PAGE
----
The movie seems to pose the question, “Can a man have an organism in spite of himself? Is masculine sexuality a reflex so ancient and strong that he can climax through helpless, angry, pleasurable tears?”

And perhaps the director, lacking in skills of introspection, thought he was honestly asking this. But Freud would have seen right through such sophomoric nonsense and told him, “I see you are just very horny and feel immense amount of guilt over it. Are you close to your mother?”

Which makes me wonder about those Trappist monks, who by choice abstain from sex, even going so far as to cloister themselves from the coed world. Robert de Molesmes, one of the three leaders of the Cistercians who founded the monastic order that eventually became Trappist beer making monks, and the director of the film, the name which eludes me and I can’t seem to find on Google, have this in common: they both seemed to have fancied that men’s sexuality is entirely reflexive, their bodies physically wired to respond to stimuli the same way we blink when
we sneeze or jerk our leg when tapped or scratched in certain spots. And so it would be reasonable for Robert to assume that so long as the sexual reflex isn’t exposed to certain stimuli then he and the monks should be safe from getting boners.

But what to do with all this time to think and possibly come to the conclusion that he’s wrong? I imagine Robert praying to God about this very problem:

“Dear God,” he might have prayed one morning, “how do I lead this group of men each with his own love wand and burden? Prayer, I fear, will be insufficient, Lord. Give me a sign, Father, because”—takes a sip of the ale brewed badly by the neighborhood furrier—“God, that’s awful! Forgive me Father for taking your name in vain. So, anyway, Lord, I want to do right by these men as I’m sure you want to do right by us. Good Lord, that almost tastes worst after the sip’s over! If only we had a brewer in town. Shhhh…! I did it again! Forgive me again, Father. But a sign would go a long way.”

[T]all men are considered by the simple fact of their bone span to be better looking, better skilled, and better lovers (bigger bones means bigger feet means bigger love wands means better sex.) It’s the old American truism: bigger is better.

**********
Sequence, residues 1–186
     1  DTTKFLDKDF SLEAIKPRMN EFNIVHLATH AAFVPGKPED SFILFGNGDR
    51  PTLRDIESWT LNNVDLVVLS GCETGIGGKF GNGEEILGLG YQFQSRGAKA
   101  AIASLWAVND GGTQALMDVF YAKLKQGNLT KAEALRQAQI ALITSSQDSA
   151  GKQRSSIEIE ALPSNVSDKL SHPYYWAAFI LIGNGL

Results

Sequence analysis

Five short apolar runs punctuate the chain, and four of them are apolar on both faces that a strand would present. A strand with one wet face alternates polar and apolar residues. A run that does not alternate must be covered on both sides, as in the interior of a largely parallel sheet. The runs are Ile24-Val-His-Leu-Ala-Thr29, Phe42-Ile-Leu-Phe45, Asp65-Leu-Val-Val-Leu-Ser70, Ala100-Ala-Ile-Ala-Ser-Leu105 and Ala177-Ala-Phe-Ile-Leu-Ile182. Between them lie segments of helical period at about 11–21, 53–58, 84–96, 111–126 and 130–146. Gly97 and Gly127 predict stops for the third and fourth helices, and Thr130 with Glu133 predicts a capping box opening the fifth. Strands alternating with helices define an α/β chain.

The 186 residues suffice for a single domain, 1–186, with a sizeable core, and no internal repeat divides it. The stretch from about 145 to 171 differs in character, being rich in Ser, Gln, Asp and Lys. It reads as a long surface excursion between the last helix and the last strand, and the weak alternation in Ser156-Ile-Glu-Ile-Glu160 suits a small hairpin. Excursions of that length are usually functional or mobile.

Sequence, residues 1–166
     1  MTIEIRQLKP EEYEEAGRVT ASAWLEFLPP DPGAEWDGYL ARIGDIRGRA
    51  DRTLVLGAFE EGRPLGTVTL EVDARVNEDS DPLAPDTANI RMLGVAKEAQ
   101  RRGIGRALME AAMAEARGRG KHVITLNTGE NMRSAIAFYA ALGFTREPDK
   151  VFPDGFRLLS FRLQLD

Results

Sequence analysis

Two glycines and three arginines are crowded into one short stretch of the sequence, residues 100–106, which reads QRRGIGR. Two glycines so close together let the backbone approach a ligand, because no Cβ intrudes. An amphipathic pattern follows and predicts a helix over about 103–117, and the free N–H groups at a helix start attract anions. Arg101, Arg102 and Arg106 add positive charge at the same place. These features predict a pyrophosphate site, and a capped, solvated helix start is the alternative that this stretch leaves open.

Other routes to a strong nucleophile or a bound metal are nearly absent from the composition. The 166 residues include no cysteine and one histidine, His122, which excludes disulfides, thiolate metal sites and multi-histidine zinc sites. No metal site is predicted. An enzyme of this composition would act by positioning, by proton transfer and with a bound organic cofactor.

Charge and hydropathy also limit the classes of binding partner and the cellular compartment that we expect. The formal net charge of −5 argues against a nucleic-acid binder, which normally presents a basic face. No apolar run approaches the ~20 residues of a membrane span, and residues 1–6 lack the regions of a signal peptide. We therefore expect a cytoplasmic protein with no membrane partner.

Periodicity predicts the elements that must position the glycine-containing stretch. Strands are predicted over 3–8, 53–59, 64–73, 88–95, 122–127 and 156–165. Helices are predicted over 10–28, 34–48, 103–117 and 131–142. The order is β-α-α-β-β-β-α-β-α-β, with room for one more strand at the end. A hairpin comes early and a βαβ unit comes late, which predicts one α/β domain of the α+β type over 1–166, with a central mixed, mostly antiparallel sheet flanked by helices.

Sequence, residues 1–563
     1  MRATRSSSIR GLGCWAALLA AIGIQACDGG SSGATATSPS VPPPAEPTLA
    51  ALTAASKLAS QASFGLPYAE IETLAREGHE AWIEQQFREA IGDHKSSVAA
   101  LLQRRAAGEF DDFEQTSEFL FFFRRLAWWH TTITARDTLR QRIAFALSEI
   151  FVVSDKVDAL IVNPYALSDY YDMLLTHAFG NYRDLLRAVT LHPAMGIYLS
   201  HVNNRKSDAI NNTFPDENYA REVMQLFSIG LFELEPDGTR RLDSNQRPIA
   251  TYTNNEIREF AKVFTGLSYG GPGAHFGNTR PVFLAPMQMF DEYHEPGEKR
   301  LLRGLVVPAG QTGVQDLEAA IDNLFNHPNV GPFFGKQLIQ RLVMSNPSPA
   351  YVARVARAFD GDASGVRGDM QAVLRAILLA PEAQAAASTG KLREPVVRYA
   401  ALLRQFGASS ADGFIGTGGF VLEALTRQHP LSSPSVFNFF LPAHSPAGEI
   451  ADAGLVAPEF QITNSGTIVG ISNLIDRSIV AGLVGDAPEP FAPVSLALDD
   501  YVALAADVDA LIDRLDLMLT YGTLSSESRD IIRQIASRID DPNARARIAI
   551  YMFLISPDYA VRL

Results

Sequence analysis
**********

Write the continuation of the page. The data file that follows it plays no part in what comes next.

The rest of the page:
A sign, a sign. Such a comforting notion. Winston gives me plenty of signs that perhaps internet dating isn’t for me. It doesn’t tell you in all the scrolling down of his profile that he’s a typical victim of the Short Man Syndrome.

Short men got the short straw in North America where a man’s vertical stature defines his perceived social status: tall men are considered by the simple fact of their bone span to be better looking, better skilled, and better lovers (bigger bones means bigger feet means bigger love wands means better sex.) It’s the old American truism: bigger is better.

One common symptom of SMS is to puff out the chest, literally and figuratively. Others include pulling the shoulder blades together like a ballerina, sticking the chin out, faux deepening of voice, tattooing perennially visible areas of skin, driving a fancy car, wearing oversized jackets and shirts. Winston is a victim of all of the above except the shirt, which looks tailored and snug around his short neck. It’s like he’s in a perpetual state of mating display. This has to be exhausting.

I also realize in hindsight that choosing the Bier Markt for our first date was so that he could engage in another SMS symptom: to educate women. Short men are compulsive educators, needing to feel smarter, more worldly and experienced. It’s another way of measuring because that’s what SMS essentially boils down to: an obsessive compulsion to measure. On our first date, Winston successfully educates me on Trappist beers, a fairly obscure beverage. I love the beer and I love the story.

That’s probably why after taking a woman out to watch an unfortunate and graphic film clearly a display of wish fulfillment, he is probably feeling optimistic, he’s on a roll, he’s the man. Stranger things have happened.

He suggests going back to his place, which I do. This may sound horrible, but I feel sorry for the guy. Once there, he suggests smoking a little weed, which I don’t. This may sound uncharacteristic, but I’m that uninterested. After getting a little toasted, he suggests showing me his bedroom, which I decline in favor of my own. This is where I draw the line.

When trying to figure out the point of all this or some unifying perspective there are several possibilities, but only one that matters: Trappist beers are yummy. Cheers and Amen.